Take physic, pomp

Argentina and the IMF: Just say no to drugs

The big economy news in Argentina this week…..

(No, wait, scrap that)

The big economy news in Latin America this week has been the talks between Argentina’s economy team and the International Monetary Fund (IMF). Firstly, last week we had headline like this…

Argentine Bonds Gain as Country To Renew IMF Talks, Swap Debt
…from Bloomberg on the 20th. Then yesterday when the talks actually happened we had this….
Argentina Econ Min: ‘Positive’ Meeting With IMF Official
…from the WSJ. Then suddenly today the tone has changed, with Argentina’s new FinMin Boudou saying that…
“The government is not asking the IMF for anything”
…and that the country wouldn’t allow conditions to be imposed upon it by the IMF lackeys. If that’s true it will be a great weight off everybody’s mind down this neck of the woods. Argentina may be one kooky country when it comes to finances and the Kirchner regime is going from bad to worse right now, but one of the better moves in its history happened when Neshtor&Co paid off the IMF debt and kicked them out of the country, slamming the door behind them. In the words of the Ex-Prez in 2005;

“There is life after the IMF, and it’s a very good life…..being in the embrace of the IMF isn’t exactly like being in heaven.”

After what Argentina went through in the late 1990’s under the IMF straightjacket which sent them tumbling over the cliff in late 2001, no country in the world knows better about the IMF’s hidden agenda. So rather than wax any further lyrical, let’s leave it to ‘Larry’ of the esteemed Argentine economics blog ‘los tres chiflados’ to tell you what professional, experienced, qualified and intelligent economists in Argentina think of the IMF. The following is the first part from the L3C blog today, well said indeed, Larry.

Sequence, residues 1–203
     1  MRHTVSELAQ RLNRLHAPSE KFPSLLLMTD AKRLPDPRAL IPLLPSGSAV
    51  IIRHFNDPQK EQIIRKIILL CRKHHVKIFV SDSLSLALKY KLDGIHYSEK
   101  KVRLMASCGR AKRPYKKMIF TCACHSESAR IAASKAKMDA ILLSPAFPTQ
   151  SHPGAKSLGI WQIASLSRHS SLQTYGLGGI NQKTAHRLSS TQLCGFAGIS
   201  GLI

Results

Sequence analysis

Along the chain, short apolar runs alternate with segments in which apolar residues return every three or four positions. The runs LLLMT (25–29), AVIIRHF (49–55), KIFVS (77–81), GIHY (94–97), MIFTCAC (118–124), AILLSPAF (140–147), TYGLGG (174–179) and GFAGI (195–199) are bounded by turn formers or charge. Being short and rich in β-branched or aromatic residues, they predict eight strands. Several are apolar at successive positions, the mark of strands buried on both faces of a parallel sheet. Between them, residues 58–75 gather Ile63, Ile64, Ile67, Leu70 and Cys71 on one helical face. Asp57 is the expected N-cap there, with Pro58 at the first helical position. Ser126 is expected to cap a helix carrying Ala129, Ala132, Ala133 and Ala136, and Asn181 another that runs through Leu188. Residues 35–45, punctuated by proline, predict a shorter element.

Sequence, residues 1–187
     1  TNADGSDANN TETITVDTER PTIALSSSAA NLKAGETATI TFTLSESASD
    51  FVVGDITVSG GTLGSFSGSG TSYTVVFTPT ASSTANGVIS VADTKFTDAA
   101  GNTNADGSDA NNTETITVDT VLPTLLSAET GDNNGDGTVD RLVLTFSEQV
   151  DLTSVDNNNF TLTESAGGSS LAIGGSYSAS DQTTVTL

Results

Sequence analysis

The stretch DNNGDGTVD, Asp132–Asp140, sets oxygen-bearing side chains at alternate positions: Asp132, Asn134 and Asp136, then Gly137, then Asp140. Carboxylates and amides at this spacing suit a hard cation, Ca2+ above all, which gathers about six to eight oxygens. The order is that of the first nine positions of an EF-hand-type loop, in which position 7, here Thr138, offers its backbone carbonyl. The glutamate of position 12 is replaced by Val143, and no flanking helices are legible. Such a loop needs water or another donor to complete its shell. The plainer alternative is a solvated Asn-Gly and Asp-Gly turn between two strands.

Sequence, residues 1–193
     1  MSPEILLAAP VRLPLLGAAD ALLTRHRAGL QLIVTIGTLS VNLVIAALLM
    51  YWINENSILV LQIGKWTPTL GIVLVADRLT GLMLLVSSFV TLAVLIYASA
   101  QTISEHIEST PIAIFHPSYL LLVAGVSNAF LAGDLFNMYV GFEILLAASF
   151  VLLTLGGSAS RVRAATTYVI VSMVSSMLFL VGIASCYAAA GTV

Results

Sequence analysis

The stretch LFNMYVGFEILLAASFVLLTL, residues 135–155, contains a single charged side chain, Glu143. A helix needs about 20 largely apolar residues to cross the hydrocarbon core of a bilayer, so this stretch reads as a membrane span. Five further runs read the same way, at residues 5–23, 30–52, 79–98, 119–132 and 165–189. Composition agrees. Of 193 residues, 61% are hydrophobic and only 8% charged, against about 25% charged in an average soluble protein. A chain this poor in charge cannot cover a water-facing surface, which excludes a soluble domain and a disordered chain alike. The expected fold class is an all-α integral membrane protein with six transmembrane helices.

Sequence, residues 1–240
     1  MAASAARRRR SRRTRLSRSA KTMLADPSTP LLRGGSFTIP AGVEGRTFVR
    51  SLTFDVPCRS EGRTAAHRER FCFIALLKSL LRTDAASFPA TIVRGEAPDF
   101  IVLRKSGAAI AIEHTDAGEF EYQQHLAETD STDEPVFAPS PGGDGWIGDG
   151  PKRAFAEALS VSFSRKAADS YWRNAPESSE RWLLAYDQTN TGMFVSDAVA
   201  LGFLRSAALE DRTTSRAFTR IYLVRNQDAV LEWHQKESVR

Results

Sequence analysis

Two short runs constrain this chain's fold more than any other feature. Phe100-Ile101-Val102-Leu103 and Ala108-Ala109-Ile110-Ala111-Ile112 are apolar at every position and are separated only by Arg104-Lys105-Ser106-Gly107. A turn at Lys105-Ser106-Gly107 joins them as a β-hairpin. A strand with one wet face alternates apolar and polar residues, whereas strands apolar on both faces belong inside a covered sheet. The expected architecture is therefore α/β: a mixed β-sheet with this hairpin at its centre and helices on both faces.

• Accomplices* in the Latin American dictatorship in the 1970’s
  • Accomplices in allowing de facto governments to go into debt in the 1980’s
  • Accomplices in de-industrializing Latin America on the 1990’s

The IMF has never looked after the interests of Latin America, it is simply another tool used by the USA for its foreign policy. The IMF finances in exchange for structural economic changes that only favour US economic interests: Open the economy, privatize, make government smaller, don’t intervene in the economy (or in its negotiations), liberalize capital flows, don’t intervene in the forex market, no trade barriers, no tariffs, liberalize the labour market (restrict rights), don’t use generic drugs (so royalties are paid), more laws to cover patents etc etc. We already know the consequences.

To ask the IMF for money is to give in the the temptation of the carrot, is to be under the illusion, is to not recognize the power of the USA in the world, is to be naive about history………


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